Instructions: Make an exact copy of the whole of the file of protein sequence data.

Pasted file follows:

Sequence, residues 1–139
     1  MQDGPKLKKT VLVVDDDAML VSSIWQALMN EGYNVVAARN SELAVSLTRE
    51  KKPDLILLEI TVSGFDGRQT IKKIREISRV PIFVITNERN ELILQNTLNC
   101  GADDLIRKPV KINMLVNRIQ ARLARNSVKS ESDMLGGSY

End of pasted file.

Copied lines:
Sequence, residues 1–139
     1  MQDGPKLKKT VLVVDDDAML VSSIWQALMN EGYNVVAARN SELAVSLTRE
    51  KKPDLILLEI TVSGFDGRQT IKKIREISRV PIFVITNERN ELILQNTLNC
   101  GADDLIRKPV KINMLVNRIQ ARLARNSVKS ESDMLGGSY